Wednesday, April 5, 2017

Tiger roared 20 years ago

REMEMBER WHEN TIGER won his first Masters? I do. I was there. And I still pinch myself.

It was 20 years ago. I was the sports editor of The Herald-Whig. Quincy native D.A. Weibring was playing in the Masters. So I got to go, for the entire week, with WGEM's Steve Looten.

It was incredible.

We drove and it took us two days. We got there on a rainy Sunday night and walked the course. Grounds crew members were shooing snakes off the 13th green. Seve Ballesteros was teeing off No. 10 and working with his swing coach. Everything was green, a deep green, hard to describe unless you've been there. It's one of those places where you don't dare stub your toe for fear you kick up a piece of dirt.

Among the many things TV doesn't show is how hilly and steep the terrain is, and I was worn out after walking the course. And that was just the first day.

Augusta was a madhouse. My buddy Scott VanEewen was living in Atlanta and he came down for a few days, and tried to get in. But tickets being scalped outside the Augusta National gates were skyrocketing because of Tiger, so he had no chance.

We were eating at a crowded restaurant one night and the waitress said she was from Florida, hired for the week to help. She couldn't take the bedlam and quit right after she served us. So we ate for free, from what I remember.

Greg Norman was all the buzz since he'd collapsed the year before and Nick Faldo was the winner. Tiger Woods was being talked about as the next big thing. He started slowly, but picked up steam and by the end of the third round, everybody knew he was going to win.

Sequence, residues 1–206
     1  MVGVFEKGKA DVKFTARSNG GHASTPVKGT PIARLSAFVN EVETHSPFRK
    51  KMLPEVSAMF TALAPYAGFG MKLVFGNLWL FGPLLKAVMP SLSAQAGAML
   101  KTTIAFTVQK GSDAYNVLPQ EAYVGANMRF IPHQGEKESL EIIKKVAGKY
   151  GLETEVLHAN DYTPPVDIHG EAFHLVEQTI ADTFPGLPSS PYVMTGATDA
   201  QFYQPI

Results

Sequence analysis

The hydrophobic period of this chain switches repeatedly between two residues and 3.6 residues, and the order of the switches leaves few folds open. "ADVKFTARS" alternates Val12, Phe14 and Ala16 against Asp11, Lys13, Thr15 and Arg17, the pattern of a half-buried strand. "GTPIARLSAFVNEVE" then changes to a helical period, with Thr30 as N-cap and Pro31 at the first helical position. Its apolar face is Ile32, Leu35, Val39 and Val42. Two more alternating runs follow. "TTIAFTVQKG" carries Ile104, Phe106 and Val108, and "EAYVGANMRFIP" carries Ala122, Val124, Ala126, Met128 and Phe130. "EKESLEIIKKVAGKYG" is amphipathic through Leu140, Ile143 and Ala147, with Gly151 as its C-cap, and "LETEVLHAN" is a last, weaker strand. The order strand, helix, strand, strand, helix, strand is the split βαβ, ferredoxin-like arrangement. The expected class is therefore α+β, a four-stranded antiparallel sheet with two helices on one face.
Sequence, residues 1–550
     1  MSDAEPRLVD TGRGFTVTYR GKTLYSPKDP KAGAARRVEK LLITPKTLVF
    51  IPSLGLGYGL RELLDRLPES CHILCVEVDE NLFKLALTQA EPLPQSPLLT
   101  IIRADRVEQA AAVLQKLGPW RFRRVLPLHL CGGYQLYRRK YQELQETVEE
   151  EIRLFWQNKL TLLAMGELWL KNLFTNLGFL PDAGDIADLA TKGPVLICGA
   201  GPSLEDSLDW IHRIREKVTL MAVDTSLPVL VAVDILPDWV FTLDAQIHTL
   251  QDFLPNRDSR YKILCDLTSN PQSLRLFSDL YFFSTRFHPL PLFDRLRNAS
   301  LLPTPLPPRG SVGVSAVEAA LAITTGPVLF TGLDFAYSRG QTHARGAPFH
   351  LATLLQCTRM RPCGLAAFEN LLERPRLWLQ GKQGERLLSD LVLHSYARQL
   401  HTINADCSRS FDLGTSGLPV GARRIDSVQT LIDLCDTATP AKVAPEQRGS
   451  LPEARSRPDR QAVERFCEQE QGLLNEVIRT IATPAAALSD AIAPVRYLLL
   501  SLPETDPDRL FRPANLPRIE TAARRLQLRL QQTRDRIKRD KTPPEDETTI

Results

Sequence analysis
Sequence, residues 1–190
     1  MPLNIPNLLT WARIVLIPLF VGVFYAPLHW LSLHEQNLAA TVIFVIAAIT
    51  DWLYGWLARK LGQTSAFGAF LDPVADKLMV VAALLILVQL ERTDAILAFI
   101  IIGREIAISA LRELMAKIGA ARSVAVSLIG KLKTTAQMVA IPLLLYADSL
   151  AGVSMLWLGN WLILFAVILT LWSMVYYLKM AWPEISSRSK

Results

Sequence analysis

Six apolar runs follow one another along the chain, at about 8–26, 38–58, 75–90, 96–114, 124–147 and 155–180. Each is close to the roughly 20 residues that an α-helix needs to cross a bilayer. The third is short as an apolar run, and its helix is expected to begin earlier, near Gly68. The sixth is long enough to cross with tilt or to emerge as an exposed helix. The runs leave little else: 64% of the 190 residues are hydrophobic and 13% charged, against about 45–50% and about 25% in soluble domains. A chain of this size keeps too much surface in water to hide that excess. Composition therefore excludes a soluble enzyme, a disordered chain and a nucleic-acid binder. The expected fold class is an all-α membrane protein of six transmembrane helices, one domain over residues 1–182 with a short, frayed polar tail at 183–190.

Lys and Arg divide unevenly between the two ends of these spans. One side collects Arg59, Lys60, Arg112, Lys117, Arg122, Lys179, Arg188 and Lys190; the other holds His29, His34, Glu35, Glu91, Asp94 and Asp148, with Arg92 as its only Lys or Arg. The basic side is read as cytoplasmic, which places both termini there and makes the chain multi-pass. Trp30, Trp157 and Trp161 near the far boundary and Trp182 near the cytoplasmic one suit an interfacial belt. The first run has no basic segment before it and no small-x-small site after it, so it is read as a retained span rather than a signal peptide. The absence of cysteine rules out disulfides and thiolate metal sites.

I was in the interview room Saturday afternoon and the guy next to me asked Colin Montgomery, who'd just played with Tiger and was bewildered and in awe, if Tiger was going to win. "Have you been on holiday?" Monty said.

D.A. missed the cut so I was free to roam around Saturday and Sunday. It was actually a lot easier to follow the tournament from the press room, but by early Sunday afternoon the outcome was a foregone conclusion. So I walked the course and set up by the 10th green, watching all the groups go by.

When Tiger was on 17, I decided to fight the massive throng and get by the 18th green to watch history. You still see the clip on TV - he made his last putt and thrust his fist into the air. Then he hugged his father when he walked off the green. I still smile when seeing it.

Tiger Woods is one of the most dominant athletes we've ever seen. His story may still yet be played out. It's sad he isn't able to play because of his back. But it does give the other guys a chance.

He also makes me remember 20 years ago. I will take a huge golf nap Sunday and hopefully catch most of the back 9, and smile again when thinking about it.

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